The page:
We asked Simon Garber, our retirement planning specialist IFA – how much you’d need in your pension pot if you’re planning on investing your money and using pension drawdown to retire at 55, he said

    “As a rule of thumb, for every £3-4K you plan to take in annual income, you’ll need about £100,000 in your pension pot. So if you opt to take £10K per year, you’ll want between £300-£400K in your pension pot.”

    What is a good retirement income?

    Estimates for what is a good retirement income vary wildly depending on whether you are a couple or single and how much you earnt before retirement. These ‘rules of thumb’ amounts are estimates based on averages and may not provide an accurate representative amount for you.

    Retirement-income-estimates-2019

    The minimum recommended income in retirement for 2020 is £9,609 for a single person and £18,779 for a couple, According to research by the Joseph Rowntree Foundation, this amount, after tax and benefits adjustments, is enough to cover what the public think is needed for a minimum decent standard of living.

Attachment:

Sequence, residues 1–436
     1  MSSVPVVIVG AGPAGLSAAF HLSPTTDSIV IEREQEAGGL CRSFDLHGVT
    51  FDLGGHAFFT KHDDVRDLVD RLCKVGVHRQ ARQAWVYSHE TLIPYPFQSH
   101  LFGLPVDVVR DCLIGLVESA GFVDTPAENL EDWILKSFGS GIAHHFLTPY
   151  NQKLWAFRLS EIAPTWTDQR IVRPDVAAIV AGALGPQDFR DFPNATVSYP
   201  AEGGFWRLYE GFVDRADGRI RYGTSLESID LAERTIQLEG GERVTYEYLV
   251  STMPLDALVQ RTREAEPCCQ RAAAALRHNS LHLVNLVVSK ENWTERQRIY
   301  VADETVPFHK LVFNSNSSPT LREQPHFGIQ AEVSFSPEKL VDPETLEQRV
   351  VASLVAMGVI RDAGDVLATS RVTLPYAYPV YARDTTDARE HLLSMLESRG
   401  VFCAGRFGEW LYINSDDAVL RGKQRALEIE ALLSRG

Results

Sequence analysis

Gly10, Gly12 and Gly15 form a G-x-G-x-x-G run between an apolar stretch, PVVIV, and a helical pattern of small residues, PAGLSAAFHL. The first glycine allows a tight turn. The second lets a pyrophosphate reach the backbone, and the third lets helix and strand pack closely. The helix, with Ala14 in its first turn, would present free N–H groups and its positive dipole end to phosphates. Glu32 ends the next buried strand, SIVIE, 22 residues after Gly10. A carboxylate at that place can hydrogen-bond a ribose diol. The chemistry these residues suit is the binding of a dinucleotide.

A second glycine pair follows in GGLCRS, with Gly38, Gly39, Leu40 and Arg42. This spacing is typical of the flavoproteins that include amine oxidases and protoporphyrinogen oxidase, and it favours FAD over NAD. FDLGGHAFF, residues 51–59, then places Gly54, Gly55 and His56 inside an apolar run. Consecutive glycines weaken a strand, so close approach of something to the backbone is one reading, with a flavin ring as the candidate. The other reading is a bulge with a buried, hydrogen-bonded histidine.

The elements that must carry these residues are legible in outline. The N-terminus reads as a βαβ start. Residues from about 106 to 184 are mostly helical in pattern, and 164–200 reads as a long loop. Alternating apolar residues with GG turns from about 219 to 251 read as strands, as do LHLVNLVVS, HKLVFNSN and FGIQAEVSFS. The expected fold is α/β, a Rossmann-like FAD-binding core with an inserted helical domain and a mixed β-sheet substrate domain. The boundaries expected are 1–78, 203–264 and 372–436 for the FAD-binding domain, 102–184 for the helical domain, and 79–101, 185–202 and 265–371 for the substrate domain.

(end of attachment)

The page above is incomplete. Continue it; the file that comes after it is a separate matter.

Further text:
By contrast, research by consumer group Which, place the cost of a comfortable retirement for a couple at £25,000 per year and a luxury retirement with long haul holidays, gym membership and a new car every 5 years will set you back £40,000 a year.

    Calculate your own retirement target by using our retirement cost calculators. Click here for singles and here for couples

    Once you have a retirement income target in mind you can start to put your retirement plan together.

    Using Safe Withdrawal Rate to estimate your Pension Pot Size

    If you want to take an income through flexi-access drawdown from your pension or through income from an investment then you could use the 4% rule of retirement, also known as the 4% Safe Withdrawal Rate as a good rule of thumb. It loosely determines how much a retiree can safely withdraw from their pension pot each year without running out of money in retirement.